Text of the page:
Review: Is ‘Game of Thrones’ the best TV show ever?
Although the weakest currency of criticism, superlatives have become a hallmark of television’s recent resurgence. Words like “greatest,” “smartest” and “funniest” are tossed about with the desperate regularity of Chuck E. Cheese tokens at a kindergartner’s birthday party.
So to say that “Game of Thrones,” which returns, roaring and snorting, for its fourth season on Sunday night, is the Best Television Show Ever isn’t just thoroughly subjective, it’s reductive. Despite our increasingly wearisome penchant for lists, television was never linear enough for meaningful comparisons; it is now so wildly diverse in form and function that any sort of ranking or award is all but meaningless.
But you know what? I’m going to say it anyway.
“Game of Thrones” is the Best Television Show Ever.
The acting is sublime, the writing wicked sharp, the sets and camera work astonishing, and in terms of ambition, be it narrative, creative, logistical or geographic, no other series comes close.
With seven-plus kingdoms to manage and a literal cast of thousands, it seems inevitable that show runners David Benioff and D.B Weiss will somehow lose their way. Yet every season proves stronger than the last.
This is a show so chock-full of riches that it can afford to kill two of its most beloved characters — Robb and Catelyn Stark — in an episode that broke several million hearts and still move forward with ruthless beauty, rigorous control and a cast unparalleled in television.
Yes, there are men, mighty and fallen, though mostly an ever-shifting compilation of both. But unlike most quasi-historical fantasy epics, there are also women equally strong in their ability to stir admiration, hatred and concern. Who among us does not worry about all that Arya Stark (Maisie Williams) has been forced to endure; what woman doesn’t secretly long to be called “Khaleesi”? Me, I want it on a T-shirt.
Season 4 opens in the aftermath of that infamous “Red Wedding,” as the various participants — the now-reunited Lannisters, the Freys, the Boltons — contemplate their “bright” futures, while the remaining scattered Starks — Arya, Sansa (Sophie Turner), Bran (Isaac Hempstead-Wright), Rickon (Art Parkinson), Jon Snow (Kit Harington) — move grimly toward destinies once unimaginable.
Winter is still coming (though, it must be said, a bit more slowly than was hinted at two seasons ago), the White Walkers are still risen and the Wildings — those who have long lived mostly outside the ken of civilized Westeros — have breached the wall intent on revenge.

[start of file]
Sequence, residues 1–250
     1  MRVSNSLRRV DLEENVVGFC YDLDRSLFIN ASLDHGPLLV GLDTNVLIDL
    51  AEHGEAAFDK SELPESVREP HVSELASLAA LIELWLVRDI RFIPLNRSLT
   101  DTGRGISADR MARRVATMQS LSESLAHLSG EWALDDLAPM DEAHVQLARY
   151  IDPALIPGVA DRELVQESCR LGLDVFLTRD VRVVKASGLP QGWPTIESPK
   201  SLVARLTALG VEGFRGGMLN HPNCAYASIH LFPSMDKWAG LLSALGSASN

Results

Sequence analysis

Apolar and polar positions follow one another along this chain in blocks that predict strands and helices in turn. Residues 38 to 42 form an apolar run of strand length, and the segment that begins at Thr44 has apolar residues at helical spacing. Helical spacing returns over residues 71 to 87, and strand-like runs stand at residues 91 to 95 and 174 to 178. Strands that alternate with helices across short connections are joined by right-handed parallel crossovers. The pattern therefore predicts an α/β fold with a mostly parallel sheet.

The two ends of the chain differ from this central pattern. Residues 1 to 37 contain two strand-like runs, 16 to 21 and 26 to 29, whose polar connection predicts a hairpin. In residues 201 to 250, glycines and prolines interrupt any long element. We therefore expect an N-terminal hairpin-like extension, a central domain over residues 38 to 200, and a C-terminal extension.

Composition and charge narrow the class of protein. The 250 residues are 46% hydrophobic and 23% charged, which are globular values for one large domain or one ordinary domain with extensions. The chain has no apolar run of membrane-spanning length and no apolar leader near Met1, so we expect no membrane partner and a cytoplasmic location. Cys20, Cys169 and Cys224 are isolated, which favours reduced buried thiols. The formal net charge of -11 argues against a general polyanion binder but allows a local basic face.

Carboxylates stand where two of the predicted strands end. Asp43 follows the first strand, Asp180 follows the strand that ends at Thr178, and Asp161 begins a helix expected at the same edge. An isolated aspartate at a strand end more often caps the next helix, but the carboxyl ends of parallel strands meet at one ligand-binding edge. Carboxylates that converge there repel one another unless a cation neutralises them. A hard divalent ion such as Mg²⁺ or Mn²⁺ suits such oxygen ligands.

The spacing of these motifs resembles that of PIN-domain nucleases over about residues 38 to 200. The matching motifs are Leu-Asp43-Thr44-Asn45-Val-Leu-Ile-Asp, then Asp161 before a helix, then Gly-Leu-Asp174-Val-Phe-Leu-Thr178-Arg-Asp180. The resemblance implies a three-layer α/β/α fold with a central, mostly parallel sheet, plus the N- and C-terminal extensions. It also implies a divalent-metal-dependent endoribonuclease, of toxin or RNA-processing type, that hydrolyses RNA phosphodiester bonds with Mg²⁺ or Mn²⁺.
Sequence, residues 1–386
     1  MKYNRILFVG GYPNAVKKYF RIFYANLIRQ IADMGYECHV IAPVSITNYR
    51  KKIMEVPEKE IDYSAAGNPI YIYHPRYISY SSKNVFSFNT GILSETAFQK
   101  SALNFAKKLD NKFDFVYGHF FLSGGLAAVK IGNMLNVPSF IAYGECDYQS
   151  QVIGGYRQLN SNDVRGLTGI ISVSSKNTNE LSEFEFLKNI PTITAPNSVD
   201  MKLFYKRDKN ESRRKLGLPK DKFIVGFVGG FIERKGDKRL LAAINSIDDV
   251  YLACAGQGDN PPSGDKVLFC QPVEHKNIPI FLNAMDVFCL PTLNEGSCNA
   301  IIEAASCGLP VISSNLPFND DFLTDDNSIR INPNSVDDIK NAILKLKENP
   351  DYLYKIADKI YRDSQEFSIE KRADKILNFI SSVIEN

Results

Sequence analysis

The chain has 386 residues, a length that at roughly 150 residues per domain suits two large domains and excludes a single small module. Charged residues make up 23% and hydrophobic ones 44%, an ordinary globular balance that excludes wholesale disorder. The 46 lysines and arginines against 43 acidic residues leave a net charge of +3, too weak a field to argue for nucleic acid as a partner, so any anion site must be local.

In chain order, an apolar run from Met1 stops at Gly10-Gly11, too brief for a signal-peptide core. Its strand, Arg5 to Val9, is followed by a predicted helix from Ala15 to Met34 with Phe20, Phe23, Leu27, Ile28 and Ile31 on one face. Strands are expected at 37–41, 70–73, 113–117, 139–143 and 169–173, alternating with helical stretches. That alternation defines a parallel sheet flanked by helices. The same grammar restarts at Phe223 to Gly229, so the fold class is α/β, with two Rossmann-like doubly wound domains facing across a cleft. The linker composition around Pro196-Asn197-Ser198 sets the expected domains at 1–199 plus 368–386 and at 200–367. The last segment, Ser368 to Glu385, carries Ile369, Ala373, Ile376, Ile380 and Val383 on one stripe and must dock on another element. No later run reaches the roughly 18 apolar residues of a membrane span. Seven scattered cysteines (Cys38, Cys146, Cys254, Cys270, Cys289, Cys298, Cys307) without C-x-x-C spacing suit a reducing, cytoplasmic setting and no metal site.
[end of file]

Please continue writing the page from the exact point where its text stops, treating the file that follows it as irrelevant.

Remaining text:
And while King Joffrey (Jack Gleeson) and his Machiavellian grandpapa Tywin Lannister (Charles Dance) may believe they have secured the Iron Throne for good, well, off in distant lands, the dragons and armies of Daenerys Targaryen (Emilia Clarke) continue to grow while Stannis Baratheon (Stephen Dillane) still insists the throne will be his, if not through war than through magic.
Not everyone likes fantasy. It is by far the toughest genre: to make, to sell and to sustain. If you create, as novelist George R.R. Martin has, a world in which there be not only dragons and White Walkers but pathological boy kings and murderous red witches, half-paralyzed children who communicate with three-eyed crows and dwarf princes both wily and noble, you cannot afford too many missteps.
You really can’t make any when you take that vision to the screen. Nothing looks sillier than a fantastic alternative universe collapsing under the weight of its own fey pride.
For three years now, “Game of Thrones” has juggled a dozen plot lines set in as many wildly diverse locations, meticulously weaving a mythology that resonates with the modern world. The swords ‘n’ sorcery make it interesting, but it’s the astonishing range of themes — love and death, vengeance and loyalty, freedom and slavery, greed and generosity, power and submission, passion and compassion, parenthood and childhood and a single person’s responsibility to family, the gods, and the sweep of time — that make it great.
Superlatives may indeed be meaningless, but no matter how you choose to describe it, television just doesn’t get any better than this.
Inside the business of entertainment
The Wide Shot brings you news, analysis and insights on everything from streaming wars to production — and what it all means for the future.
You may occasionally receive promotional content from the Los Angeles Times.